Francesca Biagioli | Studies in History and Philosophy of Science Part A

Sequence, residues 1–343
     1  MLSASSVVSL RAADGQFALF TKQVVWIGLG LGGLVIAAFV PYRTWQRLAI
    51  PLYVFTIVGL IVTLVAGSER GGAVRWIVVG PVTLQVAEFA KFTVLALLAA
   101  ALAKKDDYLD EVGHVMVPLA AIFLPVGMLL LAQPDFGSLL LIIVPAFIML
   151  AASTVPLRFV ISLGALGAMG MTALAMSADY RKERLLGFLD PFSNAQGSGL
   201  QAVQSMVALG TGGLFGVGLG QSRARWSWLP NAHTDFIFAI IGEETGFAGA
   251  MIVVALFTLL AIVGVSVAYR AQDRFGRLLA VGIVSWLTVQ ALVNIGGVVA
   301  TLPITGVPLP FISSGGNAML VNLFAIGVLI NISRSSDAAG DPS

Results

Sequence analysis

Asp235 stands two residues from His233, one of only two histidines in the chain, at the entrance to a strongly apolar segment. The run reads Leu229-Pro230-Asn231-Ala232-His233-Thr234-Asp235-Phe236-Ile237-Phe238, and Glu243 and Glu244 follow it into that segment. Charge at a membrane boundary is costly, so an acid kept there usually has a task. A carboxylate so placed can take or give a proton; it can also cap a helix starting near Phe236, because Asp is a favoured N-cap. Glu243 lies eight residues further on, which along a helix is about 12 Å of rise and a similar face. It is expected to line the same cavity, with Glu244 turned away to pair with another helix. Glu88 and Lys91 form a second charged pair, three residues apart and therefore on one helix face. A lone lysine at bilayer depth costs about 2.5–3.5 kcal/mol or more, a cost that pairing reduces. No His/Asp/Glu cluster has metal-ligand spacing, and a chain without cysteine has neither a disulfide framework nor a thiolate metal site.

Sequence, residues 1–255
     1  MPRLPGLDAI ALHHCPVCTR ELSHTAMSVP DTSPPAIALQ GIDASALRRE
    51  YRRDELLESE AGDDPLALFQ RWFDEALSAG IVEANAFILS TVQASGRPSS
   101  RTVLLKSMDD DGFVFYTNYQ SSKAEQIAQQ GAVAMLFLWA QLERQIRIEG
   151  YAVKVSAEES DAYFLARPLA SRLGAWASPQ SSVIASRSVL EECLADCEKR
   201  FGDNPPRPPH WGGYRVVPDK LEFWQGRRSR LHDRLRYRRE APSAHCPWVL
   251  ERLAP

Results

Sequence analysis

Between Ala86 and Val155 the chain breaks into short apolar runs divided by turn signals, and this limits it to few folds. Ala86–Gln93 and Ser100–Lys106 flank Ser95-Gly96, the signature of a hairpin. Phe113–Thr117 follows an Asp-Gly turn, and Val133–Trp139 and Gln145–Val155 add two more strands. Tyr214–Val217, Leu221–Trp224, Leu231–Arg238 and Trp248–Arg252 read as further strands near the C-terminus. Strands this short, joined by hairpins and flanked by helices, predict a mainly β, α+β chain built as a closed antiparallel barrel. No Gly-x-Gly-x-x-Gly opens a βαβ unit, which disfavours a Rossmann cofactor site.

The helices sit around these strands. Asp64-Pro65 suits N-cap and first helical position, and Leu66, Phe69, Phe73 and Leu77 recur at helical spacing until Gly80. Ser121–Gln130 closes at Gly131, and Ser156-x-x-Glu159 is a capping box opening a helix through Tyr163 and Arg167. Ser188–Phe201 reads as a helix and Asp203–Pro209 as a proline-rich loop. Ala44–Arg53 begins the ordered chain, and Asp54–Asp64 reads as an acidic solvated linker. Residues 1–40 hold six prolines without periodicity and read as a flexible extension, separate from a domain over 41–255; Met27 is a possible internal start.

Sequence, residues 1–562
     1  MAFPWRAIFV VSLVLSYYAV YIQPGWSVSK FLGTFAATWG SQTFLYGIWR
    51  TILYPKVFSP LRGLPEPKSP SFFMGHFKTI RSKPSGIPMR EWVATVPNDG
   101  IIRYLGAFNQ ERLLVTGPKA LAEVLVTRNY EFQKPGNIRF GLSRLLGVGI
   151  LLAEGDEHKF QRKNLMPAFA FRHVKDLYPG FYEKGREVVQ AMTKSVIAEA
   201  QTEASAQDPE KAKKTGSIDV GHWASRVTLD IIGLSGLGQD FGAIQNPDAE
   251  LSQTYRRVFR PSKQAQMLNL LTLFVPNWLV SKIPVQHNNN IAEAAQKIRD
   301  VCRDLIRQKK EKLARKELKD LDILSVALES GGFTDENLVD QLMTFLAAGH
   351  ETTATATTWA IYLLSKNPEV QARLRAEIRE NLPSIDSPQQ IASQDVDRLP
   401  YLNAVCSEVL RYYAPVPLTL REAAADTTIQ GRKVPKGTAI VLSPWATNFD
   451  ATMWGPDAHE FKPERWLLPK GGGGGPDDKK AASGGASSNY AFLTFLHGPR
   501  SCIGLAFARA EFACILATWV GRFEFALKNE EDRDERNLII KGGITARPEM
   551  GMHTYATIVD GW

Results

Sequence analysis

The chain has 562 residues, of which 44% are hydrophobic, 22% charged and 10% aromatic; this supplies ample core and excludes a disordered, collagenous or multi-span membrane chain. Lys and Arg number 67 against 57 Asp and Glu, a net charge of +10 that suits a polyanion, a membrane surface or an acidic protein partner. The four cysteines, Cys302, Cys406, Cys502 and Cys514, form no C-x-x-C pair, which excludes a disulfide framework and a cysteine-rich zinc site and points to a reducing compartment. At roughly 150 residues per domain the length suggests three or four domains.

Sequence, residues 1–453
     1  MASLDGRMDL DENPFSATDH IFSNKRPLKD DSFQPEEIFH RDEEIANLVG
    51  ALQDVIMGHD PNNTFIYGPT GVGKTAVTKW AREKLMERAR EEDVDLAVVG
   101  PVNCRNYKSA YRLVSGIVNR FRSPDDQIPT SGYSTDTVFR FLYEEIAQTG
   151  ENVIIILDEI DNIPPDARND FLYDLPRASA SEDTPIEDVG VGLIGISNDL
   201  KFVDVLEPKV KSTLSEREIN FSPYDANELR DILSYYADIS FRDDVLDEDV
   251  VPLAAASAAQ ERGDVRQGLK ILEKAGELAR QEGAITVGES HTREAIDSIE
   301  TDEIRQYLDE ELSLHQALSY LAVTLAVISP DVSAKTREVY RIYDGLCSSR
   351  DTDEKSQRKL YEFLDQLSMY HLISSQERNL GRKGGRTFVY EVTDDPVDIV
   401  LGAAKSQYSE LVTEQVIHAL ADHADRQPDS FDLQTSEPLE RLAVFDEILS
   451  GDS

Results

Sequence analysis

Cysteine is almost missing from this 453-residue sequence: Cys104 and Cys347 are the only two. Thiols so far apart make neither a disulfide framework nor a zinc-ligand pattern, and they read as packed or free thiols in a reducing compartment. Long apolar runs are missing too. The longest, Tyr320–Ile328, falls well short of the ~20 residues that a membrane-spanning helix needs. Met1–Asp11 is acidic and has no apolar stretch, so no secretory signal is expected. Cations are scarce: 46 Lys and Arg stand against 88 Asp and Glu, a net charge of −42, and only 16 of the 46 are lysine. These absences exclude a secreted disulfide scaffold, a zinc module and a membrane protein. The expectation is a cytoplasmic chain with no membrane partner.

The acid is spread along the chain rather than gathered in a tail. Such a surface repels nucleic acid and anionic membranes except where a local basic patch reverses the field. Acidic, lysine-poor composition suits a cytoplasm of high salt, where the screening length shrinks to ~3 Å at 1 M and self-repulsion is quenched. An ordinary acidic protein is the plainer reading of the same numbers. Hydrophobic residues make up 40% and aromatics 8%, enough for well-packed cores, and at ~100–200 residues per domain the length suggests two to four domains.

Cassirer’s philosophical agenda revolved around what appears to be a paradoxical goal, that is, to reconcile the Kantian explanation of the possibility of knowledge with the conceptual changes of nineteenth and early twentieth-century science. This paper offers a new discussion of one way in which this paradox manifests itself in Cassirer’s philosophy of mathematics. Cassirer articulated a unitary perspective on mathematics as an investigation of structures independently of the nature of individual objects making up those structures. However, this posed the problem of how to account for the applicability of mathematical concepts to empirical reality. My suggestion is that Cassirer was able to address this problem by giving a transcendental account of mathematical reasoning, according to which the very formation of mathematical concepts provides an explanation of the extensibility of mathematical knowledge. In order to spell out what this argument entails, the first part of the paper considers how Cassirer positioned himself within the Marburg neo-Kantian debate over intellectual and sensible conditions of knowledge in 1902–1910. The second part compares what Cassirer says about mathematics in 1910 with some relevant examples of how structural procedures developed in nineteenth-century mathematics.